The more contemporary electronic and synthetic aspects tend to accompany President Snow, the Peacekeepers, and the general societal malaise prevalent in the Capital. “We Have Visitors”, “Fireworks” and “Let’s Start” have an overwhelming sense of barely contained malice and resentment, while the music for the vicious “Peacekeepers” is as violent and abrasive as the stormtrooper-like minions it represents, with its menacing clanging metallic percussion and harsh, in-your-face aggressiveness. Contrary to this is the opulent renaissance-style “Daffodil Waltz”, which is clearly meant to represent the overly-lavish musical tastes of the Capital’s overdressed elite, who are either oblivious or willfully indifferent to the hardships that exist outside their borders.

However, once the film moves from the outside world and into the battle arena itself, Newton Howard’s music switches gears entirely, becoming a more straightforward action-adventure score that is very entertaining indeed. “Bow and Arrow”, for example, uses high, searching strings and call-and-response brass writing to create a sense of tension and anticipation, while later cues like “The Games Begin”, “The Fog”, “Monkey Mutts”, “Jabberjays” and “Broken Wire” are vicious, rampaging, full-orchestral assaults which bring to mind the outstanding dinosaur attack cues from King Kong. The vivid string writing, monstrous brass calls, and dramatic choral performances in “The Fog” especially make it one of the standout cues on the album for me. This action music also leads directly into the score’s big emotional moment, “I Need You”, a pretty recapitulation of the Katniss and Peeta love theme which rises to previously unexplored heights of delicate beauty towards its climax.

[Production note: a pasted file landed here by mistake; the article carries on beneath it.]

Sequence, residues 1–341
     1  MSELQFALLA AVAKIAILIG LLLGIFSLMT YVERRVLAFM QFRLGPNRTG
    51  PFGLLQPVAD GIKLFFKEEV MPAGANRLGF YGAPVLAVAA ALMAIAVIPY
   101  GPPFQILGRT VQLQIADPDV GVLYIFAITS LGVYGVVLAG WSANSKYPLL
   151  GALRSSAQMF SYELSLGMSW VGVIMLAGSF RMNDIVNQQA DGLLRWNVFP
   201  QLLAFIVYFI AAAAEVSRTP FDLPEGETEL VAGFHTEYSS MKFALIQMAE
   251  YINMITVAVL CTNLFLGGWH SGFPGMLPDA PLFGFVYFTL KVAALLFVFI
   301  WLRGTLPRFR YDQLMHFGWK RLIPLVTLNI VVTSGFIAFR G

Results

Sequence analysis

Perhaps the main drawback of the score is that, with the exception of Horn of Plenty, there is still no single defining musical element of the entire Hunger Games franchise which earmarks itself as its calling card, and for the second time Newton Howard has failed to give it one. The love theme for Katniss and Peeta is lovely but unlikely to catch on with the general public, and other than the theme for Rue, and the basic instrumentation palette for Katniss’s District, there are no recurring thematic ideas that transition from one score to the next. As a result it’s all a little anonymous and safe, which is especially disappointing considering we know what James Newton Howard is capable of bringing to the films he scores. The music is never anything less than competent, the action music is generally excellent, and occasionally it rises to quite exceptional emotional highs, but there is still this nagging feeling that the score is less than it could be.

Note: Not included on the score album are Coldplay’s popular original song “Atlas”, Of Monsters and Men’s “Silhouettes” or The Lumineers’ “Gale Song”, all of which feature prominently in the film, and can instead be sound on the accompanying soundtrack compilation.
3 of 4 people found the following review helpful
HASH(0x9ca98bc4) out of 5 stars Powerful Movie Score Nov. 25 2013
By Rachel Quatkemeyer, author of This Extraordinary Life - Published on Amazon.com
Verified Purchase
A beautiful movie score for a beautiful movie! I love listening to this music while I work and have long been a fan of movie scores. The Hunger Games: Catching Fire (Original Motion Picture Score) does not disappoint. Beautifully done!!!!!

My favorites:

>The Tour
>A Quarter Quell
>Katniss is Chosen
>I Need You
>Arena Crumbles

Look for similar items by category